1. Pingback: Reply to Mr. Wellington | heydomajor

  2. heydomajor says:

    I started writing a response and it got so big, I turned in to a blog post.
    http://heydomajor.wordpress.com/2011/02/12/reply-to-mr-wellington/

  3. Matt says:

    This is a great post.

    I think it’s drilled in to most people at a very early age that music “isn’t a real job.” However, musicians have real deliverables and responsibilities to meet in order to get and keep money flowing. A recording company, band, night club, wedding party, etc. are all expecting something in return for investing time and money into an individual musician.

    I’ll be the first to admit, I have not applied professionalism to my music. Even just jamming with friends is a good place to start with this. Other people see the behavior you exhibit when you are just jamming with your friends. Now is a perfect time for me to correct past behaviors.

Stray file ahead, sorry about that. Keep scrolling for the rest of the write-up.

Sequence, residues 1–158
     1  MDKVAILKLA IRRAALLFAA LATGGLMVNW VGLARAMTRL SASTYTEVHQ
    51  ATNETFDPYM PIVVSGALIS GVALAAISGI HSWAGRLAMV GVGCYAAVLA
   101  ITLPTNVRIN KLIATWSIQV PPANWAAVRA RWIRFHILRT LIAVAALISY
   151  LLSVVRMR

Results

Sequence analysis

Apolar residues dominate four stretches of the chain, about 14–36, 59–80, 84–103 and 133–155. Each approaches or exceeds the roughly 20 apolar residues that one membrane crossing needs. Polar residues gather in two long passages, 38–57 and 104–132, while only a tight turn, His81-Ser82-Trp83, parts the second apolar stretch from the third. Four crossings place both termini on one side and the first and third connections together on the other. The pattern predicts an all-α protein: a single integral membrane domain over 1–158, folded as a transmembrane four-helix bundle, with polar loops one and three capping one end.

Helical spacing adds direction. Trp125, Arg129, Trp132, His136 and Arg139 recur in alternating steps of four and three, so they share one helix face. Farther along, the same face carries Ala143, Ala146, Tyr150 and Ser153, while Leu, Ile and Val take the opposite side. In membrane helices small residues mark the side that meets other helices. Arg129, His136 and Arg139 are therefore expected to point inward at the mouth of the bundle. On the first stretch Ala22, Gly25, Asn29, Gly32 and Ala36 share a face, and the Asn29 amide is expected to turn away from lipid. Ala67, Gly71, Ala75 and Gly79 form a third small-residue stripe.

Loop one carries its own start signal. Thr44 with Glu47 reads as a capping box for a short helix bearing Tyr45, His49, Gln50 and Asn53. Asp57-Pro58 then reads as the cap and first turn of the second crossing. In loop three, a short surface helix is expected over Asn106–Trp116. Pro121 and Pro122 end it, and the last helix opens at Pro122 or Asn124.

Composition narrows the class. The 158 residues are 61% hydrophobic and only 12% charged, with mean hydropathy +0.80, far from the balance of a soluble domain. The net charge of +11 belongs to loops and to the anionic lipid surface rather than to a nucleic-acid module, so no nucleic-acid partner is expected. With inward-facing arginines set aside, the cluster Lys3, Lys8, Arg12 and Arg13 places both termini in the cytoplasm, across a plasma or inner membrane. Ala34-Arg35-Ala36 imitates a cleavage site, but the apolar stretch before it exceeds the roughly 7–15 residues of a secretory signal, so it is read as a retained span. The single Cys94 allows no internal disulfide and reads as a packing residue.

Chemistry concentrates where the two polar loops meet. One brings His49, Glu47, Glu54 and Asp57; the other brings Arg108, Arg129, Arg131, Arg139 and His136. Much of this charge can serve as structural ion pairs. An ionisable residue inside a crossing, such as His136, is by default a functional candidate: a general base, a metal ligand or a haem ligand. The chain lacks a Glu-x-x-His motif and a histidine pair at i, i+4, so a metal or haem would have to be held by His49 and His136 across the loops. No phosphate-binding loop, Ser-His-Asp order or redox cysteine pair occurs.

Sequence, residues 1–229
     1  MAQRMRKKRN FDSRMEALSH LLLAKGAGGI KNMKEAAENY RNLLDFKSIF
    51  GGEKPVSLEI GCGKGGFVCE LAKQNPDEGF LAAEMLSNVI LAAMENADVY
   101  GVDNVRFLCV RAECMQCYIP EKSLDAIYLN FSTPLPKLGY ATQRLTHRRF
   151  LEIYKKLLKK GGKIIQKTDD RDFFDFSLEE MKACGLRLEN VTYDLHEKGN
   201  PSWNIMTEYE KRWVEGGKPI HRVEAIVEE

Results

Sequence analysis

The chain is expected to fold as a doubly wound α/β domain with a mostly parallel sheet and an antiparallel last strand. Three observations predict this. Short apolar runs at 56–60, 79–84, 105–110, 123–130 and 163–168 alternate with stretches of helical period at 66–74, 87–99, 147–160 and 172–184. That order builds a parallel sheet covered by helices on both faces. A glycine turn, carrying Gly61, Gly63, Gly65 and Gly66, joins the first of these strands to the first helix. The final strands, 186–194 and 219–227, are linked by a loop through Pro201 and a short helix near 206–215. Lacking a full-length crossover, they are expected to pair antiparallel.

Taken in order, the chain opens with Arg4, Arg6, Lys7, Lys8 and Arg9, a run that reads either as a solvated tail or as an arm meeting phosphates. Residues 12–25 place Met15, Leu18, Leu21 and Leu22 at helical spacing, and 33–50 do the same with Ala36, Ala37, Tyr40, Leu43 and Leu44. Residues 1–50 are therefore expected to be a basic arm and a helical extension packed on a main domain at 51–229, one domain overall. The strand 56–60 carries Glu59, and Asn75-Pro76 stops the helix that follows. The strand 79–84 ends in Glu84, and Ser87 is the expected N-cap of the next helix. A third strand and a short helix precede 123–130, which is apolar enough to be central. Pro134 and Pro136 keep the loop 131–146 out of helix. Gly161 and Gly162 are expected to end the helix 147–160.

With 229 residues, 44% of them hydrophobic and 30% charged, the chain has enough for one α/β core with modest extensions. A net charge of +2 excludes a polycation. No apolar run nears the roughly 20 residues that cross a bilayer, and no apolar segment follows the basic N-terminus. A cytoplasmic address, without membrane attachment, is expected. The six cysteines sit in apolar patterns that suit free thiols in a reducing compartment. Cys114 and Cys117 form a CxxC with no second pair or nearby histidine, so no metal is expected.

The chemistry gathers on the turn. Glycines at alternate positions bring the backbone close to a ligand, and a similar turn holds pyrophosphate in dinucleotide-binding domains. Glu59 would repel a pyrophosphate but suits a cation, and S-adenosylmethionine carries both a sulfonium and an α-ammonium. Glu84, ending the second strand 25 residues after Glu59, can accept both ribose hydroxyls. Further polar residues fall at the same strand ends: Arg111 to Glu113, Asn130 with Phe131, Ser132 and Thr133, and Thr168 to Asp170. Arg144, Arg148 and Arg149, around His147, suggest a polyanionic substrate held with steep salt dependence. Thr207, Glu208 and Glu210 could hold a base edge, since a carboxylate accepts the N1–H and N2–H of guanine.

4. uzin5strings says:

    Good stuff Anthony! Thanks man.

  5. Roy Vogt says:

    Man, that’s well put indeed!
    One component I’d add is that it never hurts to be nice. We’ve all come in to a work situation after a trying commute, a stressful morning, etc. It’s a real discipline to unplug from our “stuff” and just deal with the task at hand. One thing that I’ve noticed about most hyper-successful bassists is that they are by and large very positive people. Nathan East is my favorite example but there are others. Nathan seems to always be able to create a positive energy when he’s playing- a neat trick when your flight gets cancelled, you have to ride in the middle seat from Nashville to Paris, and the gate agent insists on putting your very expensive bass in it’s gig bag under the plane. Still, I think Nathan would deal with that pretty well and I try to become more gracious about it myself when it happens to me.
    Nashville (where I live and work) is a very small town. I often say if you screw up here it’s like throwing a hand grenade in a swimming pool. You may not get a chance to redeem yourself for a while, so all of those aspects in your blog become even more important.